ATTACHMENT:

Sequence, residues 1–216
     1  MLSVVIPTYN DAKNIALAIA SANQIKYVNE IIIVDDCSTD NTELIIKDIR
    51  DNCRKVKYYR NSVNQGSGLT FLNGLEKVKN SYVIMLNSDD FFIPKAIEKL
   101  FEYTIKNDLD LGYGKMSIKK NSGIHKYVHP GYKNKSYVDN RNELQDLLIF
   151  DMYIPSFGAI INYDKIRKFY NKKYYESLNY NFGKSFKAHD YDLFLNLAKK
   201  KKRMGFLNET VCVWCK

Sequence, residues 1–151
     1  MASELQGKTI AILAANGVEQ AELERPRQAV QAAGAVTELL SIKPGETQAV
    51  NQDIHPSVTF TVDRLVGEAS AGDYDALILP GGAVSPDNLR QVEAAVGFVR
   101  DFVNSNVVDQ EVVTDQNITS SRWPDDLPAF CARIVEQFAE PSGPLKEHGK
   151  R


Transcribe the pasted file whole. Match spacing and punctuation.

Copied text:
Sequence, residues 1–216
     1  MLSVVIPTYN DAKNIALAIA SANQIKYVNE IIIVDDCSTD NTELIIKDIR
    51  DNCRKVKYYR NSVNQGSGLT FLNGLEKVKN SYVIMLNSDD FFIPKAIEKL
   101  FEYTIKNDLD LGYGKMSIKK NSGIHKYVHP GYKNKSYVDN RNELQDLLIF
   151  DMYIPSFGAI INYDKIRKFY NKKYYESLNY NFGKSFKAHD YDLFLNLAKK
   201  KKRMGFLNET VCVWCK

Sequence, residues 1–151
     1  MASELQGKTI AILAANGVEQ AELERPRQAV QAAGAVTELL SIKPGETQAV
    51  NQDIHPSVTF TVDRLVGEAS AGDYDALILP GGAVSPDNLR QVEAAVGFVR
   101  DFVNSNVVDQ EVVTDQNITS SRWPDDLPAF CARIVEQFAE PSGPLKEHGK
   151  R